Pulse rate will generally be lower with lower muscle mass (less nutrition to move around). A resting heart rate in the mid 40's is very good for someone the age of the original poser and given he runs and only weighs 145 would be considered ideal by many clinicians. (Go research this yourself, if you don't concur.)
For someone very active, and fairly light, 46 BPM would be considered awesome by most folks in the know. My resting heart rate was 43 in my late 20's, and early 30's.
The new standard for ideal blood pressure is 120/80, which is different from the old standard of 140/90. As a practical matter, in men, with much mass, it's hard to attain 120/80 without the heart rate coming way up, and being medicated. In my personal situation, because I carry nearly 190 pounds of lean muscle we shoot for 130/80, which keeps my heart rate down. If I lower my bp further, my heart rate comes up (I still have the same muscle to keep fed.).
This morning, since I have been sick and not exercised in the last few days, but, am getting better today, my bp was 112/70, at 69, when I first got up.
Blood pressure directly can mean several things: cardio vascular disease among them, fluid volume, exercise intensity, kidney disease, electrolyte imbalance, etc.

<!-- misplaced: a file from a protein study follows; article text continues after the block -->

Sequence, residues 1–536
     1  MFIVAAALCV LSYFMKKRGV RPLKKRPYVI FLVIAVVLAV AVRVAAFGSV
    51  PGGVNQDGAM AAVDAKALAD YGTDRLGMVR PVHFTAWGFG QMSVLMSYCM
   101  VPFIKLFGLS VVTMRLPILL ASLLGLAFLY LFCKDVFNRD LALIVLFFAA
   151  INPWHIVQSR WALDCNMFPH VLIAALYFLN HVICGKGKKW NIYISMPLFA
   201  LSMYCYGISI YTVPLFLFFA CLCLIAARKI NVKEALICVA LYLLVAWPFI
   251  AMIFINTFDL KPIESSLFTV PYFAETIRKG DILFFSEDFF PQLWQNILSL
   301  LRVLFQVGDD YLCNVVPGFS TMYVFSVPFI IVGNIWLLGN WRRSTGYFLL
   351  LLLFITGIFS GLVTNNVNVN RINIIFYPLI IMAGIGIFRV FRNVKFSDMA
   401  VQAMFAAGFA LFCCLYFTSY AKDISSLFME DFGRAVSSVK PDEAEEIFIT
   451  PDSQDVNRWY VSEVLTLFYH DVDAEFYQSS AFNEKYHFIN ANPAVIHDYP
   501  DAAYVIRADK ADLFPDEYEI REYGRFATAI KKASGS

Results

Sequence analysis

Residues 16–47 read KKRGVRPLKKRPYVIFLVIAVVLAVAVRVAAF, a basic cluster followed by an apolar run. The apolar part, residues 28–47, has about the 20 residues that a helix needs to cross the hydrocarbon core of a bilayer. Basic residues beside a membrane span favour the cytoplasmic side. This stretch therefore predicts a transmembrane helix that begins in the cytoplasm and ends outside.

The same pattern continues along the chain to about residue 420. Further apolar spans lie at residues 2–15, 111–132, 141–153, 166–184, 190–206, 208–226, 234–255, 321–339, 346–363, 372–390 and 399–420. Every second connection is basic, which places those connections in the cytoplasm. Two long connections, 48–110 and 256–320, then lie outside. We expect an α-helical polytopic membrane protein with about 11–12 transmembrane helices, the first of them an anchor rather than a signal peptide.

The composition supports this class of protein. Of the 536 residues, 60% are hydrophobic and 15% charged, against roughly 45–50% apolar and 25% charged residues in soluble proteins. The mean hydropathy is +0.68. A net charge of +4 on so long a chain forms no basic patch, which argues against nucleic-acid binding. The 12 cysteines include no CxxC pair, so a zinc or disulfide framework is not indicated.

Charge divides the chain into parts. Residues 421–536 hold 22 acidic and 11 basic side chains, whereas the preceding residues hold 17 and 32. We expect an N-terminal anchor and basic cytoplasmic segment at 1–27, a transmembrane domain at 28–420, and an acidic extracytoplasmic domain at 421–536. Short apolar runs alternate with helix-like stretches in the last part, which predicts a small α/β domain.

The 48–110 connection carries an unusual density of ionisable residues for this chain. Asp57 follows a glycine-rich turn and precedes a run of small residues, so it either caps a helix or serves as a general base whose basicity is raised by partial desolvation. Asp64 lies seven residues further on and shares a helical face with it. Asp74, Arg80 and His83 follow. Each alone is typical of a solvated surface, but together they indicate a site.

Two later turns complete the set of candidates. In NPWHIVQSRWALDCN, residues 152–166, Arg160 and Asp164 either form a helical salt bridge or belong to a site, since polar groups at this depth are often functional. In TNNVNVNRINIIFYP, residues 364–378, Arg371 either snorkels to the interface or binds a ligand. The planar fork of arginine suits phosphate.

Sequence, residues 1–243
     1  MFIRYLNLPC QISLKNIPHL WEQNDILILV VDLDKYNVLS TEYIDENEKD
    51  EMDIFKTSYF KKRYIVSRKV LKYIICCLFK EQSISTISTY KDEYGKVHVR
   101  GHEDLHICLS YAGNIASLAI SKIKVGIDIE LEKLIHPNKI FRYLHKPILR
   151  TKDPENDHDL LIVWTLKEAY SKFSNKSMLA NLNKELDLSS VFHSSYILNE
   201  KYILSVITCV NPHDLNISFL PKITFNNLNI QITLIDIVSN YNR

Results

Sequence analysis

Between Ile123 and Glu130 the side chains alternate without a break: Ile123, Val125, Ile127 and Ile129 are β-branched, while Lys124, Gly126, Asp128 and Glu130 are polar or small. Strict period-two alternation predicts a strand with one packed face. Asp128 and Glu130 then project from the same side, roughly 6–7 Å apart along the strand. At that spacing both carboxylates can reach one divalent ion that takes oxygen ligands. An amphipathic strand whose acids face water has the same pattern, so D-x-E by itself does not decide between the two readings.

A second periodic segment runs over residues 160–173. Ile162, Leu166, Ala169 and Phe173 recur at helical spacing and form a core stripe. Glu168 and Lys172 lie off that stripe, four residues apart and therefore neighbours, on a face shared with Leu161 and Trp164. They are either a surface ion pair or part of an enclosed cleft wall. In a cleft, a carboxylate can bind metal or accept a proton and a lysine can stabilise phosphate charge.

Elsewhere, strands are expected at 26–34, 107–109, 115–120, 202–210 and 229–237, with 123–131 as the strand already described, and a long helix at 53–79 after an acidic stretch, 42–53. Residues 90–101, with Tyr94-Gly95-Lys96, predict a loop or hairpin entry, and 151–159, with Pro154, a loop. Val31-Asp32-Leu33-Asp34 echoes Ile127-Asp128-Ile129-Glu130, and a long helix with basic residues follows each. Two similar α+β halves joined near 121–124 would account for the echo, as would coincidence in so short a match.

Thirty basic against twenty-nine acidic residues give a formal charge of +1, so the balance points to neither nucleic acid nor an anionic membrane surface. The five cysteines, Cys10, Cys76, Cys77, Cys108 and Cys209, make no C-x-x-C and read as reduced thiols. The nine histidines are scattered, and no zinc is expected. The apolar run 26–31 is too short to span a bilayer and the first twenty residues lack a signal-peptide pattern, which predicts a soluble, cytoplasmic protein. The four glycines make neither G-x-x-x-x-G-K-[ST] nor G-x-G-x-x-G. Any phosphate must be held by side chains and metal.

If I dehydrate, I can sometimes see my bp at 100/55, but my heart rate will come up to 110.
There are all sorts of interactions.
Given the poster's age, and weight, his bp is probably headed towards essential hypertension, but, because he is light, and active, may involve minor diet changes. NOW is the time to do that, rather than later.
Every once in a while, when all the things come together, I can have spot on blood pressure and heart rate, but, it's tricky, and sometimes I don't even realize what did it.
Sodium needs to be less that 2G a day (try getting it there if you eat out at all.).
You need to be well hydrated. Studies show less than 15% of athletes are fully hydrated.
It's likely time to look at lipids. Our plumbing gets clogged up.
Pre-hypertension is what this looks like from someone who has been down this path, personally, Might be real easy to fix. Might not be.
Hypertension damages your eyes, kidneys, and forces LDLs onto the the wall of your cardiovascular system....bad news.
Some folks get "white coat syndrome" at the doctor, and get high readings at the doctor's office. Go buy a blood pressure monitor at Walmart. Your blood pressure will generally be highest in the evenings and after eating. Check it four times a day. If you're seeing above 130/80 on average, you need to devise a plan of intervention.